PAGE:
|President Obama takes pride in this achievement|
America's poor are greater than previously thought, reaching a new level of 49.1 million, or 16 percent due to rising costs and other expenses that make it harder for people to stay afloat, according to new census estimates released this Monday.
The numbers released Monday are part of a first-ever supplemental poverty measure aimed at providing a fuller picture of poverty. It is considered experimental and does not replace the Census Bureau's official poverty formula, which continues to determine eligibility and distribution of billions of dollars in federal aid for the poor. Based on the revised formula, the number of poor people exceeds the record 46.2 million, or 15.1 percent, that was officially reported in September.
This is good news for the Democrat Party, since less affluent Americans tend to be the most loyal Democrat Party voters. "I we can drive the poverty rate up to 20% by next November, then President Obama's reelection will be a sure thing," a President Obama's Poverty Czar John Bellmore told us.
|Obama's Poverty Czar Johnny "Rags" Bellmore|
"For the record," the Democrat Party didn't cause this downward spiral," Bellmore told us, "but we are happy to reap the political benefit from it."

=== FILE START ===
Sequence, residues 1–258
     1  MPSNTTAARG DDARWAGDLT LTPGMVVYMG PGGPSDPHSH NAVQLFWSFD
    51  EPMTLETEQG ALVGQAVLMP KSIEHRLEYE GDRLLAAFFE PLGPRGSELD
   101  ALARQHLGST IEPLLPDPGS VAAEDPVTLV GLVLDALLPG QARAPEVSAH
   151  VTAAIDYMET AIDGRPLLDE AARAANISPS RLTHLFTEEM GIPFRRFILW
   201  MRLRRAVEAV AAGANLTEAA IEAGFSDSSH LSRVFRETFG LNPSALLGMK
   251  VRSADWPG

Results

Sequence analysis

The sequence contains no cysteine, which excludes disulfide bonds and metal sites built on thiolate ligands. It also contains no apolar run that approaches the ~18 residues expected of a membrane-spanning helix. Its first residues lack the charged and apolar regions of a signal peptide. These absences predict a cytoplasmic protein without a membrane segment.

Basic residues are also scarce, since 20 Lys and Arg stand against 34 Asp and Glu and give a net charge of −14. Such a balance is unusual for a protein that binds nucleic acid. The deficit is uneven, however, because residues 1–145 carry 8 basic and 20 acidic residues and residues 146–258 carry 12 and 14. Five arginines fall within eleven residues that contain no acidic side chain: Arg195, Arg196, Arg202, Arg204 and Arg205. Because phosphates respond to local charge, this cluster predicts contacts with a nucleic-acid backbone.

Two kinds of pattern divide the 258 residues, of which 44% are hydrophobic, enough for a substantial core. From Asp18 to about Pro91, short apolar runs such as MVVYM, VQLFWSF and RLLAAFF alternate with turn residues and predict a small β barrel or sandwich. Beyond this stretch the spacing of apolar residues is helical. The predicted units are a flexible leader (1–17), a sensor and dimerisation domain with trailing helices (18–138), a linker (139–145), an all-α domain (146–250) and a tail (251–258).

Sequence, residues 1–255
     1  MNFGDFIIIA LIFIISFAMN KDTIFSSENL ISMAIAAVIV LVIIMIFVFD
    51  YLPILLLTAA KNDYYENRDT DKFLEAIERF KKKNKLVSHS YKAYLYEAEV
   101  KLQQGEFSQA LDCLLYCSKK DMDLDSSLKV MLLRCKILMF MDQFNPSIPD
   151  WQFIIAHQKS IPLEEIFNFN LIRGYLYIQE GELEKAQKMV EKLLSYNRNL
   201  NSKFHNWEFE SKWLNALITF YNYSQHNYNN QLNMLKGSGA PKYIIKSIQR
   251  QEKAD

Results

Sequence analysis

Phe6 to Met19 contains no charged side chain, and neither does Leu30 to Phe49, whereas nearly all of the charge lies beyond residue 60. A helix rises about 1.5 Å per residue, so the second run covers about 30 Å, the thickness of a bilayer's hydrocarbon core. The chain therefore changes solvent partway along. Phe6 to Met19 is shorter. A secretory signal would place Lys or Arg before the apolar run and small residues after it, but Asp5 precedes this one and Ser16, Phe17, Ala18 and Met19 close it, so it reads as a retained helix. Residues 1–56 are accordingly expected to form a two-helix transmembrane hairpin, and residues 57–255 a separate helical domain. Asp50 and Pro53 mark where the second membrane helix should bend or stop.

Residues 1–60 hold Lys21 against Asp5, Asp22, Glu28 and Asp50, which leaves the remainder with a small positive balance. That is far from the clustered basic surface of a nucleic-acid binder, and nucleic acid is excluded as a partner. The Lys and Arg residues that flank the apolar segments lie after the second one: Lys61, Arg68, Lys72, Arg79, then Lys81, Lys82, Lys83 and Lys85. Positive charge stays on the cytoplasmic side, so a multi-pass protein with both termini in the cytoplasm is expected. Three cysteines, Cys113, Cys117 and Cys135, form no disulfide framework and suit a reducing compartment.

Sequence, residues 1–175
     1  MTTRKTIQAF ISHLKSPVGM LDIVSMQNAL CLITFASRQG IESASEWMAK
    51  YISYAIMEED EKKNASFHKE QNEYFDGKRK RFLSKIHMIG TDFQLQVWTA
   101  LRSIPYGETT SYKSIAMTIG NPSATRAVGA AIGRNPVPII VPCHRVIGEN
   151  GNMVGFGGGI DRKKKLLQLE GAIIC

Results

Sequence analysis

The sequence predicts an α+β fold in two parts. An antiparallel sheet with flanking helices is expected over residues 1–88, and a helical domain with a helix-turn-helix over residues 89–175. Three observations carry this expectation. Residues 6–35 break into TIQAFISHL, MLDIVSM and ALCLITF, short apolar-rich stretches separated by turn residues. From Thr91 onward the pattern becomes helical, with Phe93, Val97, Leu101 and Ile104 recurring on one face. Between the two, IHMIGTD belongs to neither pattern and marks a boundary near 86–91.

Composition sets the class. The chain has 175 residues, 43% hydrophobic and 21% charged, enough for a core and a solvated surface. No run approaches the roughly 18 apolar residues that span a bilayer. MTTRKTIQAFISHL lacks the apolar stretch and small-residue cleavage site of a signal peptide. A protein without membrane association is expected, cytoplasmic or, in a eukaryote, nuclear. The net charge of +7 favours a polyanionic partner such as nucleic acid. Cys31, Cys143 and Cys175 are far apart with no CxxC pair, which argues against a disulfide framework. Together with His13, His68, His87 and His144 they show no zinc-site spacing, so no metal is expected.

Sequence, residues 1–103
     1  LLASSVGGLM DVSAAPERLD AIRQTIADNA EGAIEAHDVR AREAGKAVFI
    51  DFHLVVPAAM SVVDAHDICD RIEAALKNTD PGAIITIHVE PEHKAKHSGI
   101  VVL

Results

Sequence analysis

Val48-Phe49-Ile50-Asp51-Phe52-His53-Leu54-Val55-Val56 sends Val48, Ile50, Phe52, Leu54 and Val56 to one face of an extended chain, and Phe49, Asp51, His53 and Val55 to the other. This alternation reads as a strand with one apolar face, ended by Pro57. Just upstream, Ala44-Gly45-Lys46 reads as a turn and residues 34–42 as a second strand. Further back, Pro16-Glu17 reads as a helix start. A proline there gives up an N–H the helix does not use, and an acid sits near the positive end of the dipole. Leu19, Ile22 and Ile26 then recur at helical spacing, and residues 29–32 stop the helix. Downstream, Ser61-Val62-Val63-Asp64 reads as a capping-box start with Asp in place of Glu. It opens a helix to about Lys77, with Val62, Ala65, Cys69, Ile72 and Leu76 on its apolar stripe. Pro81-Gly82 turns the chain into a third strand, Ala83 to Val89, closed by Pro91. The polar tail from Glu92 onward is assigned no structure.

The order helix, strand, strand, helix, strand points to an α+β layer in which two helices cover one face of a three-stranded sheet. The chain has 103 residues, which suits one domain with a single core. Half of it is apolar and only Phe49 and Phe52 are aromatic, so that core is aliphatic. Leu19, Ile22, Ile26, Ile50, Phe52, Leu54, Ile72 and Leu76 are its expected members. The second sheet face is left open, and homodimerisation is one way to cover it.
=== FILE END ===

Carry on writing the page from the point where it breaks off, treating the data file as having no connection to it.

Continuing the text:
"Like President Obama says, this is all former President Bush's fault," Bellmore continued.
For the first time, the share of Hispanics living in poverty surpassed that of African-Americans, 28.2 percent to 25.4 percent. That is due to an increase in the poverty rate for Hispanics under the new measure because of lower participation of illegal immigrants and non-English speakers in government aid programs such as housing and food stamps.
"We need more bilingual social workers, so we can teach these new immigrants how to get more government benefits," the Democrat Party spokesman told us.
|The First Lady thinks the poor should eat more salads|
"Lets face it, salads are a lot cheaper and lot healthier than eating all those high calorie meats," she told us.
"And exercise is important too," she added, "to prevent the common problem of morbid obesity and chronic diabetes among America's poor."